Recent decades have seen growing power of crowdsourcing. Wikipedia, which has been around for ten years now, is based in part on this notion: the combined research efforts of many people of varying backgrounds and opinions can provide better information than a single expert can find. That has proved problematical in practice. Libraries have become part of the solution to at least one problem, as Wikipedia has recently sponsored dozens of editing marathons (editathons) in libraries nationwide (and also more in Great Britain).
Originally, crowdsourcing meant that Wikipedia and other similar organizations invited a broad spectrum of the general public to write and edit articles. It didn’t matter if they were recognized subject experts or not. I recall (but can’t find) a study several years ago that compared Wikipedia to Encyclopaedia Britannica. In scientific articles, it suggested that both have factual errors, and that on the whole the information contained in them is equally reliable.
In principle, Wikipedia’s editorial procedures should find and correct errors more quickly than those of a traditional encyclopedia, even the online edition. Wikipedia will also have articles on current events that no traditional encyclopedia could ever consider. No wonder Wikipedia has become one of the most-consulted online brands in the world.
Special problems with Wikipedia
At least two problems have kept Wikipedia controversial, however. It is too easy for small groups of highly opinionated people to hijack an article and skew the information and its presentation. I remember reading of editing wars between partisans in various controversies. Not only would the articles in question undergo constant change (an intended feature of crowdsourced work), but their viewpoints and the facts they contained would change from day to day or even hour to hour as one group would delete what the other had just done! I haven’t heard much about that lately.
The other problem turns out to be more pervasive. Most of the information in Wikipedia articles comes from other online sources. There is a great deal of wonderful, valuable information on the Web that deserves use as sources for encyclopedia articles. Even for very contemporary topics, there is much, much more information that either can’t be found online at all or can only be found in expensive databases available only by subscription.
On October 22, 2011, the New York Public Library for the Performing Arts hosted one of the editathons specifically to add articles to Wikipedia and update existing ones about musical theater. For six hours, dozens of people gathered in the special collections area, a closed-stack collection of published material (programs, sheet music, newspaper clippings, etc.) and unpublished material (correspondence, manuscripts, stage designs, etc.), as well as various recordings etc. that probably represent both categories.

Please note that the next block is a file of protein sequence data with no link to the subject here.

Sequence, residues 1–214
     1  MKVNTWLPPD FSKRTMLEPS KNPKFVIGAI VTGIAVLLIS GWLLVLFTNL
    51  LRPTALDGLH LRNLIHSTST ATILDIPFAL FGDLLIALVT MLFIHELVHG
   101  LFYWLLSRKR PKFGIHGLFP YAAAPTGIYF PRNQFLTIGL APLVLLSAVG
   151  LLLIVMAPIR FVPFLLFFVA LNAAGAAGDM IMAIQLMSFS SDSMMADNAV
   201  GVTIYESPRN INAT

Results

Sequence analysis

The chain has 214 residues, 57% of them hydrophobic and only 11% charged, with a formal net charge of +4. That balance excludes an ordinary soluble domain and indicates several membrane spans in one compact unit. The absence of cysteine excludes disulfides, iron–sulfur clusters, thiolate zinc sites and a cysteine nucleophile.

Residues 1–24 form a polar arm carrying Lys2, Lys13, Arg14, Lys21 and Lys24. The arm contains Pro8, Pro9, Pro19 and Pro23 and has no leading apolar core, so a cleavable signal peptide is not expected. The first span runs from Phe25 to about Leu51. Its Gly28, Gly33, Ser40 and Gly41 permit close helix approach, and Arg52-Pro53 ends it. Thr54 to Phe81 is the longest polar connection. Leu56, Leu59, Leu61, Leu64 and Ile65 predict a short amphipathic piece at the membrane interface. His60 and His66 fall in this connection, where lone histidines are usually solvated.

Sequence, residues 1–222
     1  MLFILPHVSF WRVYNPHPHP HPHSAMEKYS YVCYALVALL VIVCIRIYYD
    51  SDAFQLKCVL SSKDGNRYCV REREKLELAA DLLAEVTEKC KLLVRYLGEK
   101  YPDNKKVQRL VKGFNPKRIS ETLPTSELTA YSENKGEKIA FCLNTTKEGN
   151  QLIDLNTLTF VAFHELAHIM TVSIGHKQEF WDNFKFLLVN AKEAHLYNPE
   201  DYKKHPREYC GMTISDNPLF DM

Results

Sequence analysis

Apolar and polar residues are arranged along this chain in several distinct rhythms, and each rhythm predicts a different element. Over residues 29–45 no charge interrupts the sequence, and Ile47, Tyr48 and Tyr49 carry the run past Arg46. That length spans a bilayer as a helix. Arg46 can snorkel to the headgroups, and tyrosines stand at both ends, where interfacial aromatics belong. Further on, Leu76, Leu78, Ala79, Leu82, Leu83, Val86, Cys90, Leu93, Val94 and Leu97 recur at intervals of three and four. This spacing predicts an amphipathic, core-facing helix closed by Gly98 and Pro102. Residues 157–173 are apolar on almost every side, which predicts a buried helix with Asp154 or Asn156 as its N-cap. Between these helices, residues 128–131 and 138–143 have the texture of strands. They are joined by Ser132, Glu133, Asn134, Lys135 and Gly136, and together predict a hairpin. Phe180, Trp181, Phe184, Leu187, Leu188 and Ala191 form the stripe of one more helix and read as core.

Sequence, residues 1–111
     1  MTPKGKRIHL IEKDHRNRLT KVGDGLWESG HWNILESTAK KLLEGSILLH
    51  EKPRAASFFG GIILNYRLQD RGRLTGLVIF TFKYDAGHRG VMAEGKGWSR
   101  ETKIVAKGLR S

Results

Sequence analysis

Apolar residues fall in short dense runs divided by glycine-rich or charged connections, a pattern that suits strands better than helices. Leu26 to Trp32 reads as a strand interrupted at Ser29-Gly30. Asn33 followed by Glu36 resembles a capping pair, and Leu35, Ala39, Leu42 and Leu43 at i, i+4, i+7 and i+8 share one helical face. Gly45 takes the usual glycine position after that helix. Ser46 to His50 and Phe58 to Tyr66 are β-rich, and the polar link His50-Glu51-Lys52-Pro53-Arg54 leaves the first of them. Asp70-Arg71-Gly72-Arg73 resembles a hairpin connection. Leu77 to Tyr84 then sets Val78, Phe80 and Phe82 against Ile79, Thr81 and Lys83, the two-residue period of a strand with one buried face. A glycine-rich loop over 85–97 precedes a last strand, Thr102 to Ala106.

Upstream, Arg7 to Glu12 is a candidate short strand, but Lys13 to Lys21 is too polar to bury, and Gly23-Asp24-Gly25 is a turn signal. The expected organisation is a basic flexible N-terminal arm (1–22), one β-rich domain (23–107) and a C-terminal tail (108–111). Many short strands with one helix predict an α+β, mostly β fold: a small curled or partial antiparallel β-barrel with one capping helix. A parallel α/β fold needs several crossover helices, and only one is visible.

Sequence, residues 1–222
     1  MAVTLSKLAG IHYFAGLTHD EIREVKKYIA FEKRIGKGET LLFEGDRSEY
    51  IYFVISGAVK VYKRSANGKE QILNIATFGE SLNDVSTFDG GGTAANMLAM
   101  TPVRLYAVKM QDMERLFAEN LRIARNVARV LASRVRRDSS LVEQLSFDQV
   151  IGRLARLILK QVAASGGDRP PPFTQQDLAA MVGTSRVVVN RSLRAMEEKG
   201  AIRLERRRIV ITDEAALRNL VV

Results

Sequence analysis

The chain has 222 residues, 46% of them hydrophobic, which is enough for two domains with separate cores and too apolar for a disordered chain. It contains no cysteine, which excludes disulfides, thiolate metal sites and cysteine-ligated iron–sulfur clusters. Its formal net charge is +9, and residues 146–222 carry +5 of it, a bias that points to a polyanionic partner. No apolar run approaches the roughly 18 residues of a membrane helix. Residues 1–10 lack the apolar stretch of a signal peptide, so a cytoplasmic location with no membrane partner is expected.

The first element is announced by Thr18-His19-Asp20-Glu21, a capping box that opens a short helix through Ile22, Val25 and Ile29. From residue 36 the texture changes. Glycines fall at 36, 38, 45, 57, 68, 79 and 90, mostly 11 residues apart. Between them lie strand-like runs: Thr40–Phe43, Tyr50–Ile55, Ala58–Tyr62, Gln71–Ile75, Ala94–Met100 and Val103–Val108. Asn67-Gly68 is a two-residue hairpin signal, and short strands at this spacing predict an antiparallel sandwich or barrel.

On average, 20 researchers from college students to retirees were at work there at any given time. They did not work separately, but collaboratively. At least three different kinds of advantages resulted from this one project:
- Wikipedia benefited from the depth of information made available in the new and updated articles.
- The participants benefited from learning both how to edit Wikipedia articles and how to use the resources of a closed-stack special library collection. Many of them may not have even been aware that such a treasure existed before they actually went to work there.
- The library benefited from the number of new patrons they had that day. The editathon resulted in approximately double the normal number of call slips submitted. The library also benefited from the number of links from the articles back to the library’s web site.
During the same month, other libraries hosted similar events, each devoted to a different single topic. Each undoubtedly enjoyed their own version of the same three kinds of advantages.
Collaborations between libraries and Wikipedia are a natural fit. The 2011 editathons are not the first such, only the largest. Many participants and organizers hope it will become an annual event.
Source: Libraries Tap into Crowd Power / Sanhita SinhaRoy (link no longer works as of Feb.2016)